woman with straight teeth

Everything You Need To Know About Professional Teeth Whitening

If you are like the majority of Americans, chances are good that you have considered whitening your teeth at some point. Maybe you have tried an over the counter whitening product, or maybe you have had your teeth professionally whitened at your dental office.

But how do you know what the best teeth whitening option is for you? What are the benefits of different whitening methods, and how long should you expect the results to last? It’s normal to have many questions about professional teeth whitening, which is why we are here to break it down for you!

Who Should Consider Whitening?

We all want a white smile, but it’s important to know that professional teeth whitening isn’t necessarily for everyone.

For example, tooth colored crowns and fillings will not be affected by whitening. So if you have dental restorations that will be visible when you smile, whitening your teeth may not be your best option.

It is also important to know that whitening your teeth can cause temporary sensitivity. If your teeth are already sensitive, we recommend that you proceed with professional teeth whitening cautiously.

 What Types of Professional Teeth Whitening Are Available?

Everywhere you look there are products that claim to whiten your teeth. From strips to trays to mouthwashes to toothpastes to gels, how are you supposed to know where to begin?

It’s important to understand that the main difference between over the counter whitening products and professional whitening procedures available at your dental office is the strength of the whitening agent. Most over the counter products are applied for a very short duration and contain between 3% and 10% hydrogen peroxide. Professional teeth whitening products however typically contain between 15% and 40% hydrogen peroxide and are applied for longer periods of time.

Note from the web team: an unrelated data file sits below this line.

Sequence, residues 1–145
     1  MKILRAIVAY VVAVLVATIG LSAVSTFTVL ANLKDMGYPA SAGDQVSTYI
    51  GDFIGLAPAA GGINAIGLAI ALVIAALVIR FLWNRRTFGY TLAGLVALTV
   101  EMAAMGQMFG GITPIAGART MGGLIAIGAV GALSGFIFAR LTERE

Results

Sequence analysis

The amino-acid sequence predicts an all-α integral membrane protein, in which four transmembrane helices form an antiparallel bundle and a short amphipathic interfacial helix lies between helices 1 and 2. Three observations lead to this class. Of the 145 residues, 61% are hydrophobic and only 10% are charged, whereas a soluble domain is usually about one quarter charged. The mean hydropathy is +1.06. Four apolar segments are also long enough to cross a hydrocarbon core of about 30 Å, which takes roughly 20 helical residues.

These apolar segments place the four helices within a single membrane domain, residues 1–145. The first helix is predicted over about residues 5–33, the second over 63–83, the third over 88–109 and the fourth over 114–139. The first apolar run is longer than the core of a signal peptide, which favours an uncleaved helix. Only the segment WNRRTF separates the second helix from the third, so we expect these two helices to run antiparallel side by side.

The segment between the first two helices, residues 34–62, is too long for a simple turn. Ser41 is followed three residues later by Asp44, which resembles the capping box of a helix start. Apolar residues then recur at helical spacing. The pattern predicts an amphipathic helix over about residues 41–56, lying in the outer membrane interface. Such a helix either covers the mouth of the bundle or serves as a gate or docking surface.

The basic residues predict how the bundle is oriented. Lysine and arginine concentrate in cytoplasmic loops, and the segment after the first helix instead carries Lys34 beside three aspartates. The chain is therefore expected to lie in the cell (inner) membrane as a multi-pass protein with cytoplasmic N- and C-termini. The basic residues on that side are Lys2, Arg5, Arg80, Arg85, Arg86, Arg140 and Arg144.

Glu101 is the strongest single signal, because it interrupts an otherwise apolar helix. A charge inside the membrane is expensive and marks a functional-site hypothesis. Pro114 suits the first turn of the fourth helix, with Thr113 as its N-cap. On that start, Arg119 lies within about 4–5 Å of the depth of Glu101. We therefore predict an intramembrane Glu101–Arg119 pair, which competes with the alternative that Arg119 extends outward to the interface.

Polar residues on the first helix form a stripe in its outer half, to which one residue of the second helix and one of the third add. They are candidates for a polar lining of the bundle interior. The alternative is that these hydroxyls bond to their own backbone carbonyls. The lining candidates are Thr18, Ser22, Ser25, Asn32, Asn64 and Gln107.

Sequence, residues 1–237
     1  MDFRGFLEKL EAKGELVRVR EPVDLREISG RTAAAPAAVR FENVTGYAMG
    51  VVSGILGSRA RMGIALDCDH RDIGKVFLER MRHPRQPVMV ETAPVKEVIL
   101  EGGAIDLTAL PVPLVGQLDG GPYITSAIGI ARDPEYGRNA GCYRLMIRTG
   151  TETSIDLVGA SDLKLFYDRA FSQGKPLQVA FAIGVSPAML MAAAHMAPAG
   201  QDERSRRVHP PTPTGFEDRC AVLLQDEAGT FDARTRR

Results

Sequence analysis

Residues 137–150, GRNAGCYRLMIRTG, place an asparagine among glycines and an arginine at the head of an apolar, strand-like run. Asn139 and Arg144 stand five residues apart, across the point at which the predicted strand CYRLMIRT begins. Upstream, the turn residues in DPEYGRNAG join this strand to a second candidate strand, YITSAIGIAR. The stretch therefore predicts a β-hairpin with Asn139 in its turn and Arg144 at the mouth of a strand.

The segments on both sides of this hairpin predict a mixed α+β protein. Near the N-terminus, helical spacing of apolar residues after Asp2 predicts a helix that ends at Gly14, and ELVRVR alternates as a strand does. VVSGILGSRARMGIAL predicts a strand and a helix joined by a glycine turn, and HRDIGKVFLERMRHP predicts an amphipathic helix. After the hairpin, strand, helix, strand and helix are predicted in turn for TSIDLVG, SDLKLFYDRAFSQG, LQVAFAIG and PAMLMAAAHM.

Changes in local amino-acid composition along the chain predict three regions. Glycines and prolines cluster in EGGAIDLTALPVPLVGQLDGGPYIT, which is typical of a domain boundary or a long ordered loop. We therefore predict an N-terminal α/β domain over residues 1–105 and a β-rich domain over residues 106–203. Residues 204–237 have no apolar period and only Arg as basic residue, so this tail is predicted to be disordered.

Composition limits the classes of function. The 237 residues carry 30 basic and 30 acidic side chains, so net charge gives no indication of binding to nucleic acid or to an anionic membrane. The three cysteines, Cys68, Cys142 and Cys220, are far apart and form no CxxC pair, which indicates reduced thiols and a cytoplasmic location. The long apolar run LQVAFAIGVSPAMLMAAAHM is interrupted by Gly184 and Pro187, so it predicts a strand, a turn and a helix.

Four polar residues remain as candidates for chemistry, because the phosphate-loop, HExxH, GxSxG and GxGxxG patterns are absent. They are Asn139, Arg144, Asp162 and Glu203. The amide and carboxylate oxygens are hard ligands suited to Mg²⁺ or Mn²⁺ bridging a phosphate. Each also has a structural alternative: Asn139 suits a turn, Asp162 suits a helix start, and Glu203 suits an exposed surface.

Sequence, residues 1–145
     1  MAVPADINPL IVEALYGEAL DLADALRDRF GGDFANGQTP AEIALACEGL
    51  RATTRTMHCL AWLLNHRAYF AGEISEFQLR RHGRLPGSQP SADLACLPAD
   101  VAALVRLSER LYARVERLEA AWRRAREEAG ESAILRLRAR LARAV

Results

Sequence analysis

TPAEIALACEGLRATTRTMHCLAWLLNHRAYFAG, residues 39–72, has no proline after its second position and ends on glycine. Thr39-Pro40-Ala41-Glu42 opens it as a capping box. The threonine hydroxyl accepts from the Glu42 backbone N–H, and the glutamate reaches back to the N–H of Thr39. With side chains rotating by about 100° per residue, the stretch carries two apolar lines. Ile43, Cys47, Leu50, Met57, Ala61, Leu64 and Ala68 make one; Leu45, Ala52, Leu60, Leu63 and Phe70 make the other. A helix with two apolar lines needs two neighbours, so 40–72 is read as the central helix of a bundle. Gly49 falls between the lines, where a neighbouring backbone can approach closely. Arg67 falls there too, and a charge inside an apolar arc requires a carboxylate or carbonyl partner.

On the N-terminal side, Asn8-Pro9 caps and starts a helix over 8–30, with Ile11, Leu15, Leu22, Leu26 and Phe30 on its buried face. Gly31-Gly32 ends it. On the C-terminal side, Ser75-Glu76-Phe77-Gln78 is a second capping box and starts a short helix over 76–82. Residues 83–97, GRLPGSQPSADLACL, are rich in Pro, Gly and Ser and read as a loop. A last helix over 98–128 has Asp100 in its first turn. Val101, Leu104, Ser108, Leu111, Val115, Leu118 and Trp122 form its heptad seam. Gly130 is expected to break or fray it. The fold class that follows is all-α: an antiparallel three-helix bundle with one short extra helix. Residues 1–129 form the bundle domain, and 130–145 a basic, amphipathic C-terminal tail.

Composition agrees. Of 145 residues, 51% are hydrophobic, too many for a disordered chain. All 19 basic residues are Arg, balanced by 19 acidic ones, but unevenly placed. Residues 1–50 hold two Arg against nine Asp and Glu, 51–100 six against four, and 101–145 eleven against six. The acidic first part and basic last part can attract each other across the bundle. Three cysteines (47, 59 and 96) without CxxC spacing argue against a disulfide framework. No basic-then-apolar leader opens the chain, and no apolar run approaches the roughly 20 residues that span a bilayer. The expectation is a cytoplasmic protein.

The 2 main types of professional teeth whitening are take home trays and in-office bleaching. With take home trays, custom trays are made specifically for your teeth. You are sent home with a strong whitening agent that is be loaded into the tray and used up to 2 hours a day until your desired level of whitening is achieved. When you whiten in-office,  a more concentrated whitening agent is used and patients can expect to see instant results, ranging from 2-8 shades whiter.

When Is The Best Time To Whiten?

The great thing about professional teeth whitening is that is can be done at just about anytime and it can always be touched up in the future! Even if someone whitens their teeth at a dentist’s office, we still recommend that they are going to need some type of touch up every 6 months – 1 year in order to maintain their results. Of course, it helps to stay away from foods that are notorious for staining your teeth in order to preserve your whitening results as well!

Talk To Your Dentist

We always recommend that, if you are interested in professional teeth whitening, you should begin by having a conversation with your dentist. They will be able to make the best recommendation based on your overall oral health and will help you achieve the whitening results that you desire.

Let’s Discuss Your Whitening Experiences

What other questions do you have about professional teeth whitening? Have you ever professionally whitened your teeth? Comment below and let us know your experience!

POSTED IN: Cosmetic Dentistry, Dental Tips, Dentistry

3 Comments

  1.   Brian J McCarthy

    Please ask Dr. Rusnak, with all of the dental work that I have had over the years coupled with the loss of enamel on my teeth, is it a good idea for me to consider whitening? I personally think it’s a bad idea however I trust Dr. Rusnak’s opinion.

    Tell him the fish are biting!

  2.   Virginia Davis

    Thanks for the information. I didn’t know that teeth whitening doesn’t work on crowns and fillings. I will take that into consideration when deciding how best to whiten my teeth. You mentioned some foods stain your teeth, but are there foods that help whiten them?

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